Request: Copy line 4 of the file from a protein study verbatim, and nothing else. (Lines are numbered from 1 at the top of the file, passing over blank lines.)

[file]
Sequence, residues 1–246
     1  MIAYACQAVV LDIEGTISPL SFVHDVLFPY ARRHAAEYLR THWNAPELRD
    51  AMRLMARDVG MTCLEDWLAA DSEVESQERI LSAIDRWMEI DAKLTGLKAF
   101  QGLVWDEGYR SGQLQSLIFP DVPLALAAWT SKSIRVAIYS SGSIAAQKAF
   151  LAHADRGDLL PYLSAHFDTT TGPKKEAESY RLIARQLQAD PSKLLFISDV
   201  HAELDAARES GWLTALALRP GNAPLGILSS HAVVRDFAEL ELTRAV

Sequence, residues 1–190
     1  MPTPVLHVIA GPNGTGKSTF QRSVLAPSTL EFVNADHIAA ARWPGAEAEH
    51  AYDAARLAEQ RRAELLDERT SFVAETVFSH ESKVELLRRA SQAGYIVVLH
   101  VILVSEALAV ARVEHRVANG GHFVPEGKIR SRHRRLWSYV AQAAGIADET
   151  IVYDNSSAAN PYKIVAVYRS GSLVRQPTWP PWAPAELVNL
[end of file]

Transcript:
   101  QGLVWDEGYR SGQLQSLIFP DVPLALAAWT SKSIRVAIYS SGSIAAQKAF